Howard Welinsky, head of Democrats for Israel, said he and the majority of his group are backing Gore, but there is a sizable faction supporting Bradley, particularly in Congressman Henry Waxman's 29th district.
In the local Bradley campaign, the most prominent activist is Bruce Corwin, chairman of the Metropolitan Theatres Corp. He hosted a "primarily Jewish" fundraiser for Bradley some months ago, which netted $100,000.
"I've known Bill Bradley for 25 years and I speak to him frequently," said Corwin. "He is an extraordinary man, who gets away from the people in the Beltway and can see the big picture."
Corwin mentioned two other high-profile Bradley supporters in the Jewish community, but one did not wish to be identified and the other did not respond to phone calls.
However, Ralph Fertig, who organized the Bradley meeting at the University Synagogue as chairman of its social justice committee, believes that Bradley supporters make up in enthusiasm what they might lack in financial muscle.
Among his fellow activists, Fertig named TV producer Lila Garrett and philanthropists Ted and Rita Williams.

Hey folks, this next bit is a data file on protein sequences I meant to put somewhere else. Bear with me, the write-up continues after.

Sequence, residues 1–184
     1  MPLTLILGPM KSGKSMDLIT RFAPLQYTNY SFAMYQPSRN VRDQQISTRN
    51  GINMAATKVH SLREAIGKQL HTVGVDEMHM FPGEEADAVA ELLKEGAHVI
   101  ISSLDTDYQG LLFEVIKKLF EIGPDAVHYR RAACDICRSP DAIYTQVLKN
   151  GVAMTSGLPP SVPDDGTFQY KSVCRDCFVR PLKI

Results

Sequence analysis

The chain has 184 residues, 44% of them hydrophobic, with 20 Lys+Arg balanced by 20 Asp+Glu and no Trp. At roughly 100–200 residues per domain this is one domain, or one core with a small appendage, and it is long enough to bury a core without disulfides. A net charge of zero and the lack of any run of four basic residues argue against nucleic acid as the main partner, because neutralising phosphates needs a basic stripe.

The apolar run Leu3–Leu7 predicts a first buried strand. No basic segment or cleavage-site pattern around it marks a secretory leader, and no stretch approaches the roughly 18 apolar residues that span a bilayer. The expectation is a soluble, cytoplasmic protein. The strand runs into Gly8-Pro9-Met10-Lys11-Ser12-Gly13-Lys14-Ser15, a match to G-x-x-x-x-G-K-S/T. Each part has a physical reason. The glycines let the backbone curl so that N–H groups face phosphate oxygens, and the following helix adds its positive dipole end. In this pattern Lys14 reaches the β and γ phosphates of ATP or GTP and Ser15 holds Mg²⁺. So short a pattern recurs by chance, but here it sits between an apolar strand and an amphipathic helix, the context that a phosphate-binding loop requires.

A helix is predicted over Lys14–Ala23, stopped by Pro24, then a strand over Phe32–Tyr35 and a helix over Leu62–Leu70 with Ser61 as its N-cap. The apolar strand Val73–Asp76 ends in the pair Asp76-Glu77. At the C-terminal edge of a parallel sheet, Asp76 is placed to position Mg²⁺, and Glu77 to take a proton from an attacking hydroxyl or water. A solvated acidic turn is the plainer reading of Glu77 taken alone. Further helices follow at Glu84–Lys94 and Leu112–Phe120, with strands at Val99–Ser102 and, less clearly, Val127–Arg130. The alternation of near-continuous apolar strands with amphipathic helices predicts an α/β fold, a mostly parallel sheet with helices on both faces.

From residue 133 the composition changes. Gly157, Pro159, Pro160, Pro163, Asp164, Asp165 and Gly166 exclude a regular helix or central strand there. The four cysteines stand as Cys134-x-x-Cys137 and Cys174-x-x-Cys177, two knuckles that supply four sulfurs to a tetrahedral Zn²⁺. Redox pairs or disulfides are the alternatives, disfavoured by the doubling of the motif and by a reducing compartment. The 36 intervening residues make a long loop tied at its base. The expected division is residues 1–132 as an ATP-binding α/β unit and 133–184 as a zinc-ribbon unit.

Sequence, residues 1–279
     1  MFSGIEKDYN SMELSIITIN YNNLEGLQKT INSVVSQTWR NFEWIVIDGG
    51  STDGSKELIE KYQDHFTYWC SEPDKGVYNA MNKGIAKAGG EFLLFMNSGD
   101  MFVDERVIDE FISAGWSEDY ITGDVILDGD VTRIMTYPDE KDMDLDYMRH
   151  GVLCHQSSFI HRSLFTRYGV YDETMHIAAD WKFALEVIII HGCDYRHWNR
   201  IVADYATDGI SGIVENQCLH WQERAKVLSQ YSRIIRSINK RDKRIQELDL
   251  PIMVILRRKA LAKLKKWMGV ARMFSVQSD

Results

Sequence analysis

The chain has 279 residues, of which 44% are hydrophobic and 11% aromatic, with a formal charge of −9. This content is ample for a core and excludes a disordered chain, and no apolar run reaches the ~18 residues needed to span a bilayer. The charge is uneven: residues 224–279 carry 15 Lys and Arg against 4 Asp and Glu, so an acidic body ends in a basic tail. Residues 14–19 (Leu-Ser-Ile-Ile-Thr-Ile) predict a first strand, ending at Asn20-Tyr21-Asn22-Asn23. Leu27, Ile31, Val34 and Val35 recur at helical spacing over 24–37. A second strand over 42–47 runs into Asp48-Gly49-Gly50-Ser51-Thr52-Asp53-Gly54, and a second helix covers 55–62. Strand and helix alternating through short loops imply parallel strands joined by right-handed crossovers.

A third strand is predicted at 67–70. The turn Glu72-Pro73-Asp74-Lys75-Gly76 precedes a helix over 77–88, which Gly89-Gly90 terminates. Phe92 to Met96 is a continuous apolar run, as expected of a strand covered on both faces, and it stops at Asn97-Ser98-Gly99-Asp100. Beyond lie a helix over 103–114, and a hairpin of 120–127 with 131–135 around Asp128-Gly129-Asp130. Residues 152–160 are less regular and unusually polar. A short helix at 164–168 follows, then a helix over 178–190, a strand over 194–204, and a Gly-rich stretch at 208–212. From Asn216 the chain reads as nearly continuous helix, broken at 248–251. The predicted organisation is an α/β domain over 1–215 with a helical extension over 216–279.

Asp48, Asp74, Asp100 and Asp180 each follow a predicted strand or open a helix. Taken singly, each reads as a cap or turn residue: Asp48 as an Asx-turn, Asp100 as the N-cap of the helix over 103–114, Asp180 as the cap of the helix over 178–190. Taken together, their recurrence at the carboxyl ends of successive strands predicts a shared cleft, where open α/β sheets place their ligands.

Enthusiasm is also the hallmark of McCain supporters on the Republican side. Noticeable is Rosalie Zalis, who brings the same unflagging zeal to the McCain campaign that she did to former Gov. Pete Wilson's administration during her many years as senior advisor.
McCain activists are preparing for a big general-fundraiser for their man on Feb. 25, whose host committee includes such Jewish figures as attorney Marvin Jubas, real estate developer Jerry Epstein, investor Peter Lowy, and veteran Republican pillar Nettie Becker.
Recent recruits to the cause, said Zalis, include novelists Faye and Jonathan Kellerman.
No one is more fervent in his support for McCain than Marvin Jubas.
"I have known the senator for many years. No one in this town is more aware of his integrity and character than I," said Jubas. "Nobody is more pro-Israel than the senator and those of us associated with AIPAC know that if we really need someone, we turn to John."
Becker acknowledged that "I don't go along with [McCain] not being pro-choice," but that's outweighed by "his willingness to speak his mind and his wonderful support for Israel."
Apparently McCain's public stand last month opposing the release of Jonathan Pollard, imprisoned for spying for Israel, has not hurt his standing among his Jewish supporters.